Behind starburst eyes

Buying Friendship

An article I wrote about accidently buying friendships when you’re on the Autism Spectrum:

“They say money can’t buy you happiness, but can it buy you friends? While most people know the obvious answer to that is a firm “No” Sometimes people on the spectrum have more trouble with the concept of buying friendship doesn’t work.”

You can find the rest of the article at Parents Space:

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Informing the VillageInforming the Village:
A how to workshop on educating others about your child’s diagnosis

Offered By: Lindsey Asperger’s Autism Support
Presented By: Dawn-Marie Potter

They say it takes a village to raise a child, but how do you make sure the whole village that is involved in your child’s life is on the same page as you about how best to do that? How do you make sure they understand the vital things you know about your child so they too can have fulfilling interactions with them in ways that truly benefit your child? The answer, you teach them about your child. You show them what it means to be “John” or “Jane” Show them what helps your child, what hinders their growth, and how to help them to thrive no matter how your child is feeling at the time. Help them to understand who your child truly is, which is more than just a label, but a whole complete being that is capable of amazing things should they just be given the chance to shine.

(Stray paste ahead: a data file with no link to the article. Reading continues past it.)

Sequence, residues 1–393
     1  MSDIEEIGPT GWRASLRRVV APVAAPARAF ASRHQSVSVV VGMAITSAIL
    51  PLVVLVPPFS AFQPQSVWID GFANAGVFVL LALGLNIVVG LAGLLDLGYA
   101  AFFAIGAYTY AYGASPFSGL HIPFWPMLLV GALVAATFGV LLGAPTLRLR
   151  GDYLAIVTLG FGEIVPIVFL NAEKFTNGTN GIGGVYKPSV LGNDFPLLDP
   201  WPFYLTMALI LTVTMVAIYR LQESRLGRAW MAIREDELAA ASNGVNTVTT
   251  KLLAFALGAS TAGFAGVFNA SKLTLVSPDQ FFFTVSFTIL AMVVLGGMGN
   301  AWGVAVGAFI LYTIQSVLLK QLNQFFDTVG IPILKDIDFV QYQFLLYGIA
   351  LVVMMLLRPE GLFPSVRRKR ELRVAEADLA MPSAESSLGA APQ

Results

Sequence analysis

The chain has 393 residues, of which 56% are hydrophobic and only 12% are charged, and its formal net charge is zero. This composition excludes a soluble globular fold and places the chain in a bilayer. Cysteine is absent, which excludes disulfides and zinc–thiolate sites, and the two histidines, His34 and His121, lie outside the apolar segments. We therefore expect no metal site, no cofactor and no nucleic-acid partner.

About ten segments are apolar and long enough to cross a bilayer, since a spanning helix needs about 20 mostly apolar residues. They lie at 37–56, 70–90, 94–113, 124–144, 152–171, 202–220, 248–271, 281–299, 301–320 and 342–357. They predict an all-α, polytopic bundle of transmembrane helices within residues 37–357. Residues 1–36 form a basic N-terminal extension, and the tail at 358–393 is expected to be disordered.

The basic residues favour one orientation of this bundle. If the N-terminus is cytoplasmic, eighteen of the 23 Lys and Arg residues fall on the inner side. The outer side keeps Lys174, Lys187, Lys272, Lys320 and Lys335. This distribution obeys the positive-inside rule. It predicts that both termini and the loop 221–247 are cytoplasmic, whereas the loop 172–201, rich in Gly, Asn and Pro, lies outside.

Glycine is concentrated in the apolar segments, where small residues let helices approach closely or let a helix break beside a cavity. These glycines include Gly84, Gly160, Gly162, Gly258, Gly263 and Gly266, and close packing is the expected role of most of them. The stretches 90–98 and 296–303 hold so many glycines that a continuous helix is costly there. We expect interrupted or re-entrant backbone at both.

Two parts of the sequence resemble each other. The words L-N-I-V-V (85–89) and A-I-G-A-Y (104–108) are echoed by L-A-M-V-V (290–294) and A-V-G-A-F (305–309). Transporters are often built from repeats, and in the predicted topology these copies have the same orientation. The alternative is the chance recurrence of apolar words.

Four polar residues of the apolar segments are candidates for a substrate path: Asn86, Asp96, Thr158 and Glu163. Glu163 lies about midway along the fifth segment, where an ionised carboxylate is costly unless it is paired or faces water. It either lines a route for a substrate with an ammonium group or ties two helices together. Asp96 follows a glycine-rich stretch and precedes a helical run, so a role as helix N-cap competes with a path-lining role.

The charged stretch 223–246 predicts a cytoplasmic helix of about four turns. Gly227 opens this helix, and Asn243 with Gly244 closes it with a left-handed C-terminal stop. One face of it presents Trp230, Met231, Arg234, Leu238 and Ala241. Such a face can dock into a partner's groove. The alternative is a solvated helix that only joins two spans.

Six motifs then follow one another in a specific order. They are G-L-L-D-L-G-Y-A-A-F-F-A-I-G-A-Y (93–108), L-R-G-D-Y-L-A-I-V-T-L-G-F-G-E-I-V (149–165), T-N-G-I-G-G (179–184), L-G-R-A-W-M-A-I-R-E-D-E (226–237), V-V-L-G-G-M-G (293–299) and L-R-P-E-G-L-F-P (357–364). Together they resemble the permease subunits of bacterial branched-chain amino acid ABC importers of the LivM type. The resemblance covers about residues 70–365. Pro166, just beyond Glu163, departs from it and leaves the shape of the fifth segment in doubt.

You want to make sure every adult that will be partaking in your child’s life understands them. During the workshop we will explore multiple ways of informing and educating others about your child, their diagnosis and what exactly that means for them specifically. From brochure making, to one-on-one confernces, to cookie making (yes cookie making, there will be samples of that one for everyone attending to see how fun and yummy that method is 😉 there are so many different ways to open up and inform others. Come discover some of them with us!